Michigan, 13 Jumadil Akhir 1436/2 April 2015 (MINA) – In a multi-religious community, Muslim students in Michigan State University (MSU) are keen on preserving their religious practices and finding time to take a break and pray to Allah in their diverse campus.
“We would like to schedule activities around prayer, however, as college students we don’t always have that ability,” dietetics junior Katy Hollobaugh told The State News.
Hollobaugh is a practicing Muslim who prays five time a day. For her, the prayer is the food of the soul that usually takes five minutes that never interfere with her schedule, On Islam quoted by Mi’raj Islamic News Agency (MINA) as reporting.
International relations junior Mohammed Rathur is another MSU student who says he can’t miss his daily prayers.
Rathur said he has an application on his phone called iPray, which helps to give accurate prayer times no matter where someone is. “Muslims are such a huge minority in this country … (but) it’s a growing population,” Rathur said.
In campus, Rathur said he has never experienced any kind of hate crime. Speaking to his roommates or people in his floor, he was able to correct misconceptions about his faith. “There is not a clear or proper or fair view of what (a) Muslim is,” Rathur said.
For students wearing hijab, or Islamic headscarf, the life was not much difficult in MSU campus. Hollobaugh said she has experienced an increased level of respect toward her. “I feel like when I’m wearing it, people are talking to me and listening to me for my thoughts,” Hollobaugh said.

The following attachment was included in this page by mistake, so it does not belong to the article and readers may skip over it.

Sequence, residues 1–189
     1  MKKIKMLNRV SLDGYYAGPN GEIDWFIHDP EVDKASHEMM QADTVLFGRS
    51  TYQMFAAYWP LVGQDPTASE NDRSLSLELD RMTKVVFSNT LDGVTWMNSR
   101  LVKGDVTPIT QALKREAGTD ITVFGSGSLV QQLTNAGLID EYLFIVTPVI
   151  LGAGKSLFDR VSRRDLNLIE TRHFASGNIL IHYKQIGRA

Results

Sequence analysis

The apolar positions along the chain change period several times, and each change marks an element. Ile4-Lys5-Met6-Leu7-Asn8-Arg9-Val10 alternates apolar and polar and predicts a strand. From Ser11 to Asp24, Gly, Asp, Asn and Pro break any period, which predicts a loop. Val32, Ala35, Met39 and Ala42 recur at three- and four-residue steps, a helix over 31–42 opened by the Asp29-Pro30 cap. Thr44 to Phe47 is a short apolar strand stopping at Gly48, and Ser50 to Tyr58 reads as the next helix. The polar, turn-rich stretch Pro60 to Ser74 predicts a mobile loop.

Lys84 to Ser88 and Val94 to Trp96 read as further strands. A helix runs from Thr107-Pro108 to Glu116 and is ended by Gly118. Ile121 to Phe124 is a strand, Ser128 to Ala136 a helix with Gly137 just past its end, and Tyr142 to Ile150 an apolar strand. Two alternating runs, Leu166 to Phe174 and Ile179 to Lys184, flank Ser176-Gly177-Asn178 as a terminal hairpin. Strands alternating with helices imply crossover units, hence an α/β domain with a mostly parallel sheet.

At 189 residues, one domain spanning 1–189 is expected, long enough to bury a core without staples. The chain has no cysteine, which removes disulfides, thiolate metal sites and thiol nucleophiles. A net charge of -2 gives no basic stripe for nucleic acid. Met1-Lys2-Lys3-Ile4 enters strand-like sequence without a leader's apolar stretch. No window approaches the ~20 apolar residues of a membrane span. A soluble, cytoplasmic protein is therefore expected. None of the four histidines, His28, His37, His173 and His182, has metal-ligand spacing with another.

“The idea behind wearing it, in addition to modesty, is to concentrate on what is on the inside rather than the outside.”
She added that she usually meets people who are curious about her faith. “People are worried that Muslims are easily offended and I would like people to know we are not afraid to answer questions as long as they are not meant to be offensive,” Hollobaugh said.
Since the 9/11 attacks, US Muslims, estimated between 6-8 million, have complained of discrimination and stereotypes in the society because of their Islamic attires or identities.
A US survey has revealed that the majority of Americans know very little about Muslims and their faith. A Gallup poll also found that the majority of US Muslims are patriot and loyal to their country and are optimistic about their future.
An Economist/YouGov poll found that a large majority of Americans believe that US Muslims are victims of discrimination amid recent attacks against the community. (T/P011/P3)
Mi’raj Islamic News Agency (MINA)